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Military government weekly information bulletin
Number 97 (June 1947)

German reactions,   pp. 19-22 PDF (2.5 MB)


Page 19


Blame for Crisis
The Darmstaedter Echo showed
that the German food problem was
caused by the serious world-wide
cereals shortage. Indicating this was
a direct consequence of the war, the
paper said:
"The more one is silent about the
domestic balance of burdens, the
louder one calls for help from the
outside: 'The English and Americans
probably want us to starve. Why is
there no bread and fat in Germany?'"
"It is senseless to emphasize to
those hypocrites and slanderers again
and again that Germany has no bread,
no fat, and no clothing because for
twelve years we produced guns in-
stead of butter, because we destroyed
and robbed our neighbors, because
we led a totalitarian war against the
whole world and also against our
own country, because our destroyers
allowed the. pilferage of the remain-
ing store houses before their surren-
der..."
Food for Thought
The Weser - Kurier (Bremen), point-
ing to the difficulties from the paper
cut, said it is especially significant at
this time when tasks of political
significance have to be fulfilled:
"In the present situation every
newspaper question is, more than
ever before, a matter of considerable
public significance. A clean, free,
well-informed, and carefully reporting
press is as important as our daily
bread. And in the same way as lack
of bread may bring about a crisis,
the inadequacy of newspapers which
are cut in their size, will involve
considerable consequences.
"The outlook into the world, which
is so very necessary for us Germans,
will be narrowed again. The mental
values of our people as well as oar
surroundings will appear in a dim
light. In a time filled with political
and mental problems every failure
of the press counts doubly. Finally
most important political and econo-
mic decisions, highly significant for
16 JUNE 1947
all as well as for individuals, can
only be stated briefly.
"Die Neue Zeitung rightly said:
'The longing by the world public for
information has increased immensely'.
This is particulary true for the Ger-
man newspaper reader who has
starved for information for so many
years."
Philosophies Debated
The Hochland - Bote (Garmisch-
Partenkirchen) published an interpret-
ation of the struggle between Com-
munistic and Liberal ideas. Germany
has to decide which way to go, it
said, adding:
"In this struggle we Germans also
are not only objects as it used to be
but also acting subjects. Our country
is divided, single laender and zones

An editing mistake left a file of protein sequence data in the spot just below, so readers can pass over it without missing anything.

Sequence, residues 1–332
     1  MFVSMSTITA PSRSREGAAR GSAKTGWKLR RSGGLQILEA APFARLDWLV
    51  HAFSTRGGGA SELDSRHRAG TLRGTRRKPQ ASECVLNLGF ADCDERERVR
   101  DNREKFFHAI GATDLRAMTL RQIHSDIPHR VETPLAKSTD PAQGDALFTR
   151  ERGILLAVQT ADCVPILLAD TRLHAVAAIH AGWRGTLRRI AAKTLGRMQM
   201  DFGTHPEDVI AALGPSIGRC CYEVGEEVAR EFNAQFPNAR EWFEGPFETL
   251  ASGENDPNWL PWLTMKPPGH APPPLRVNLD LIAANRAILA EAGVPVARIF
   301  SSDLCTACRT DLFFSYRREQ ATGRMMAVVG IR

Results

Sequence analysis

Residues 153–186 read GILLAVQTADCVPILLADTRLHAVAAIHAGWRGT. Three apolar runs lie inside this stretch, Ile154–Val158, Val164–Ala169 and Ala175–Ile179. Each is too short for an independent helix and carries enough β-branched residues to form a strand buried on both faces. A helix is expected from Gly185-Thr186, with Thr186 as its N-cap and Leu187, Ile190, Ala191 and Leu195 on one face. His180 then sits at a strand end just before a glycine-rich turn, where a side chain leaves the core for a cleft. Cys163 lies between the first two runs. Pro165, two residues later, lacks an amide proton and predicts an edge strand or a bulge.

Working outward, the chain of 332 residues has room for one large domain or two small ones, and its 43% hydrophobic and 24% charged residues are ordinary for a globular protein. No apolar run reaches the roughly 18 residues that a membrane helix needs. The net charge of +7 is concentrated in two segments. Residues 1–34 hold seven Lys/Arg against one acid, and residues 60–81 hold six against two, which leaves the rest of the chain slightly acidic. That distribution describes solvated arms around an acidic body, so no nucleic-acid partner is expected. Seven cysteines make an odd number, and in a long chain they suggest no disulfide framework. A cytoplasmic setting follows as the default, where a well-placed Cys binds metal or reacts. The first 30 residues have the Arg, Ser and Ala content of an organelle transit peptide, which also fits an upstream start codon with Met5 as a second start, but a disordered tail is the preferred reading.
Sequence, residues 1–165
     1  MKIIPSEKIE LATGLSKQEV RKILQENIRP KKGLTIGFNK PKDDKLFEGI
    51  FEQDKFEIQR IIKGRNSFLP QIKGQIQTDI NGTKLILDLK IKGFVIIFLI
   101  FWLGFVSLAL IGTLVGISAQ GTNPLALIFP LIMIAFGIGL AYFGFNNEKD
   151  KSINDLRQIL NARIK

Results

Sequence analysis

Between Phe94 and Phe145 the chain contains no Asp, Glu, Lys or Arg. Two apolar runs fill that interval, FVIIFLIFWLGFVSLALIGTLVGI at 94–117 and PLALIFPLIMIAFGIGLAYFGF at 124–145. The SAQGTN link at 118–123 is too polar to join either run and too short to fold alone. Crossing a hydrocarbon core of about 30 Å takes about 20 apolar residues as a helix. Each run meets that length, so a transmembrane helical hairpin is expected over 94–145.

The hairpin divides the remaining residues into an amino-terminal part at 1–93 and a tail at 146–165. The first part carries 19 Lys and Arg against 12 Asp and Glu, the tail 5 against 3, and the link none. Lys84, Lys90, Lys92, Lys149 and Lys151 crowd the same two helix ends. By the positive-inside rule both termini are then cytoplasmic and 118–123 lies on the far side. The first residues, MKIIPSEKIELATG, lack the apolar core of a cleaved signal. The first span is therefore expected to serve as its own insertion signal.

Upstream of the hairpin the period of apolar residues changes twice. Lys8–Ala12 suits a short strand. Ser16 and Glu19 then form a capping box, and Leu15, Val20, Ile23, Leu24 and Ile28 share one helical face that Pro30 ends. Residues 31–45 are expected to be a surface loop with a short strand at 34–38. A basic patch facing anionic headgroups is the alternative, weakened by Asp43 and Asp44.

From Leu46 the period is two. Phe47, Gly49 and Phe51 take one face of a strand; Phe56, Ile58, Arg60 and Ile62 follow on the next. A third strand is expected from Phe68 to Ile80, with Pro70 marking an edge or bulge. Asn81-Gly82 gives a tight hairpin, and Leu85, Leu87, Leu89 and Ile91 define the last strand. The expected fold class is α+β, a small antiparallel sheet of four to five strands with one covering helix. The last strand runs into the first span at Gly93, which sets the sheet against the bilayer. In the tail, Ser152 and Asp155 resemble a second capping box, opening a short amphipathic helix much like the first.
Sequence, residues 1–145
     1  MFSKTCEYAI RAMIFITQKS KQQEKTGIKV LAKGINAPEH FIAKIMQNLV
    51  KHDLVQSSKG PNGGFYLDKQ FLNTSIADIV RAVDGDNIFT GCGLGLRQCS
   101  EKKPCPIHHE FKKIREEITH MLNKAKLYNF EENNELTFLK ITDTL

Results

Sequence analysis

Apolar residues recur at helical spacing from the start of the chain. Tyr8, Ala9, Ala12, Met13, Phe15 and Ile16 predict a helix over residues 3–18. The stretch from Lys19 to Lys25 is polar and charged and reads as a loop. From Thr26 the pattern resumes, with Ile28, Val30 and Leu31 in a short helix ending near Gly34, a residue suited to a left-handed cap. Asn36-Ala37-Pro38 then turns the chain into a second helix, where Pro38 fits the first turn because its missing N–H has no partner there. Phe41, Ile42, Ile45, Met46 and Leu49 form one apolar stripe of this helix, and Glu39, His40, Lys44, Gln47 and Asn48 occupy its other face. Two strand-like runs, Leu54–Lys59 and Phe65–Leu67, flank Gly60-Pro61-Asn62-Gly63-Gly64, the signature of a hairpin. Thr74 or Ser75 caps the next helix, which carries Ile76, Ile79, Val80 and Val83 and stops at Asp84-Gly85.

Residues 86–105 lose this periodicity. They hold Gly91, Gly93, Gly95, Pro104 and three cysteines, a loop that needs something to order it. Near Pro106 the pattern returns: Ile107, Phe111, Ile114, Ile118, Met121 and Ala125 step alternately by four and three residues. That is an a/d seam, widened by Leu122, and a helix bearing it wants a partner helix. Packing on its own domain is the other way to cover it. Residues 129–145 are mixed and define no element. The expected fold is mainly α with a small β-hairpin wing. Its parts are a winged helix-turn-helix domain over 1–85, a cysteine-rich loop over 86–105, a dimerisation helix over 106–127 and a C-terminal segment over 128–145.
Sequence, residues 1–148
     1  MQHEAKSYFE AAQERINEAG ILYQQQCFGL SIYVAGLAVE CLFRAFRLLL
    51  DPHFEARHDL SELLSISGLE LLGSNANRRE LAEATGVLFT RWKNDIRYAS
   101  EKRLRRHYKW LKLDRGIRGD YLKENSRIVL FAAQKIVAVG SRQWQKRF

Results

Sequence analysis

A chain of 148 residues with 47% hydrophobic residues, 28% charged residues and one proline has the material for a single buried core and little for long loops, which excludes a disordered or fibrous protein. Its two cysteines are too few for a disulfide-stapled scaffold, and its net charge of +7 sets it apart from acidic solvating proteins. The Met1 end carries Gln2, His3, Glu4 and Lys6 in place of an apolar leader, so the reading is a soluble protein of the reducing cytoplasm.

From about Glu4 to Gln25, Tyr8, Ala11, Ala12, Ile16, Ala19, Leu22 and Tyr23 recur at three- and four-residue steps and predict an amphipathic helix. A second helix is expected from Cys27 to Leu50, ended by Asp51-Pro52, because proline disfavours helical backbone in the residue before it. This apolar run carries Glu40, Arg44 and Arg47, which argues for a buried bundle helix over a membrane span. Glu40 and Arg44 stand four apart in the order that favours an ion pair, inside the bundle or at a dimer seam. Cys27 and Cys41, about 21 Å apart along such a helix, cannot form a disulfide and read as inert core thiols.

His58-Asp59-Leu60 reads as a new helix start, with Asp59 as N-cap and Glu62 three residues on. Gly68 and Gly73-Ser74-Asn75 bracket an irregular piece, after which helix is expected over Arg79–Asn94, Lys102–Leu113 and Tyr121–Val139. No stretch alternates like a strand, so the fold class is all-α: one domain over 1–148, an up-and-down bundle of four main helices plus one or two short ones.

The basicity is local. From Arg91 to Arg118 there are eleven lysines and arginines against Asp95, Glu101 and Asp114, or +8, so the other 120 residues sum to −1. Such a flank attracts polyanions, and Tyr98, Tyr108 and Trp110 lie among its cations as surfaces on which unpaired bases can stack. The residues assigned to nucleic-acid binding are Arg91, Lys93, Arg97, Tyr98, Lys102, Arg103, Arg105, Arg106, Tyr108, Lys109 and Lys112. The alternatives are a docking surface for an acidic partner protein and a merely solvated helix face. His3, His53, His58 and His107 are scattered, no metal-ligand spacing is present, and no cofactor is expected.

have a clear majority of one or
another tendency. The silly talk about
Eastern and Western blocs and the
still sillier coiclusion of a coming
war only prove the stupidity of the
monger who does not understand the
political and economic constellation
of the world. Uninfluenced by catch-
words and party programs everybody
should form his opinion on the great
ideas of this great time, and always
be aware that his attitude, too, decides
Europe's destiny as agent of power,
economy, and culture."
More on Mann
The Wuerttembergisches Zelt - Echo
(Schwaebisch-Hall) complained about
Thomas Mann's not visiting his native
country auad commenting on Gei:
many without having acquainted
himself with the new facts:
"We would gratefully have appre-
ciated it if Thomas Mann who knew
Germany and the Germans in the
past, would have visited us, if he
had listened to the Germany which
he denies his goodwill, if he had
compared and established changes
that took place... He did more than
just leave Germany aside."
-Post PWurmm
mentec[ on the Economic Council as
follows:
"The bizonal Economic Council set
up over the bizonal offices will have
authority so far unknowta to German
offices. This represents decisive pro-
gress compared with the earlier zonal
amalgamation which showed only
adequate results. True planning must
have authority. One must know the
working conditions in order to plan
at all. But in the German situation
planning makes sense only if it car-
ries out an economic policy mainly
in terms of increased production
rather than distribution of available
production."
The   editorial  concluded:  "The
Potsdam decrees are based on the
economic unity  of Germany, the
failure of which can hardly be
blamed on the United States and
Great Britain. The zonal boundaries
which do not mark off self-sufficient
economic-political  entities,  have
proved, according to Byrnes, as 'arti-
ficial barriers against the struggle of
the German people to regain her
peace-time standards'...'
Re-educating Nazis
The Fraenkische Presse (Bayreuth)
proposed training interned Nazis in
needed skills and teaching them
democracy:
"A large number of interned Nazis
have professions which, according to
law, they will not be allowed to
practice after their release. Some
were teachers -and officials, some
were propagandists, professional sol-
diers, and so on. Therefore, it is
necessary to prepare them for a new
profession, in addition to their being
occupied with emergency and other
clear-up  work.  The   government
should organize practical courses
where the Nazis are trained for
shortage skills such as masons, car-
penters, painters, and metal workers.
WEEKLY INFORMATION BULLETIN
19


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